Audiences did not respond well to the revised version during early performances.[4] Blake was on the verge of dropping the number from the show when a dancer took ill and had to be replaced.[4] The understudy was a singer who did not know the steps, so when he was unable to follow the routine he ignored it and improvised.[4] America's Songs quotes Sissle's recollection of how the performance saved the song: "He dropped out of line and with a jive smile and a high-stepping routine of his own, he stopped the show cold."[4]

Structure[edit]

Instrumental version of "I'm Just Wild About Harry" recorded 17 May 1922. Duration 3:54.

Problems playing this file? See media help.

Alec Wilder and James T. Maher call "I'm Just Wild About Harry" a "strong, direct, simple song, the principal device of which is a strong fourth beat tied to the down beat".[7] The song moves in short melodic bursts characteristic of the era: lighthearted but rhythmic.[4]

"It's of the genre of Hallelujah, Fine and Dandy and all those cut-time theater rhythm songs. It uses a lot of step-wise writing and only one note out of its C-major scale, a d sharp. For a theater song it is not rangy, being only an octave and a third."[7]

The tightly rhymed lyrics comprise a straightforward set of comparisons that border on comic exaggeration.[4]

The heavenly blisses
Of his kisses
Fill me with ecstasy.
He's sweet just like chocolate candy
And just like honey from the bee.[8][9]

Yet Furia and Lasser describe the song's overall impact as an infectious delight.[4]

Within the context of the play, the number occurs early in the second act when the leading lady declares her love for the leading man.[5] Her father is the wealthiest man in town, which poses obstacles to the match.[4] The overall plot concerns a mayoral race in all-black Jimtown where two dishonest grocery store owners vie for political office. One of the corrupt grocers wins the race shortly afterward and appoints the other chief of police. Harry leads the community protest that returns the two grocers to their store, and wins the girl.[5]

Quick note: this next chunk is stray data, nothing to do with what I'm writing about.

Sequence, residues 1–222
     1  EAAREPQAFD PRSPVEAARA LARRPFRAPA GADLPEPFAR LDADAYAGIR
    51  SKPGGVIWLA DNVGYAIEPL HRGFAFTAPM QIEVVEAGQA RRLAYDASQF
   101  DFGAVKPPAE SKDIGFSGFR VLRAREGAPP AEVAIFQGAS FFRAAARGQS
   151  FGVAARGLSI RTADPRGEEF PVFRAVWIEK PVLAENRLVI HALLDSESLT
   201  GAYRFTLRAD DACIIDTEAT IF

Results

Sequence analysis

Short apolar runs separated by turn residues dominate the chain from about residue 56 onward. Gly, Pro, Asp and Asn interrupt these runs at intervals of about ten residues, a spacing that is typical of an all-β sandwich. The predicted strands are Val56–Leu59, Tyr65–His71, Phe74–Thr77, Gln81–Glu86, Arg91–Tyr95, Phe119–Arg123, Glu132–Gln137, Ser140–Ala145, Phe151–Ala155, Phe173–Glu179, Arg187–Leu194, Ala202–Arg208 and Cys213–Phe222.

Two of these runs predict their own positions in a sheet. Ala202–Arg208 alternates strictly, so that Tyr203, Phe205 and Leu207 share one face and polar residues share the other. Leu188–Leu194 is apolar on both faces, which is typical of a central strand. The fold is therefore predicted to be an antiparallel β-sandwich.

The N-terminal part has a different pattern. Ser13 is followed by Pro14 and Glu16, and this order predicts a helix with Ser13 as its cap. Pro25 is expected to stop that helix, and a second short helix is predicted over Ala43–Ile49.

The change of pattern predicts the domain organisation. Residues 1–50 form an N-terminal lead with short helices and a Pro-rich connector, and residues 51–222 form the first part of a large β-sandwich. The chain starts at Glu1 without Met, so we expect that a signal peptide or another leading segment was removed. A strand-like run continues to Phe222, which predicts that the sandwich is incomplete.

Reception[edit]

Shuffle Along was a significant theatrical success that "ended more than a decade of systematic exclusion of blacks from the Broadway stage".[4] The show opened in New York City at Daly's 63rd Street Music Hall on May 23, 1921 and ran 504 performances.[6][10] The venue was actually a converted lecture hall that lacked a proper stage or orchestra pit.[4][10] The show overcame financial straits and a poor location to become "the first all-black musical to enjoy a long run and be treated as more than an oddity."[6]

"On the New York opening night, the audience loved the show. Influential critics like Alan Dale, George Jean Nathan, and Heywood Broun were highly enthusiastic. Gradually Shuffle Along built up a cult status. So big were the crowds that the police had trouble controlling the traffic. Eventually they had to make Sixty-third a one-way street. A black show was back on Broadway, even if 63rd Street, a long way uptown, was barely Broadway! In Eubie Blake's words, 'It wasn't Broadway but we made it Broadway.'[10]"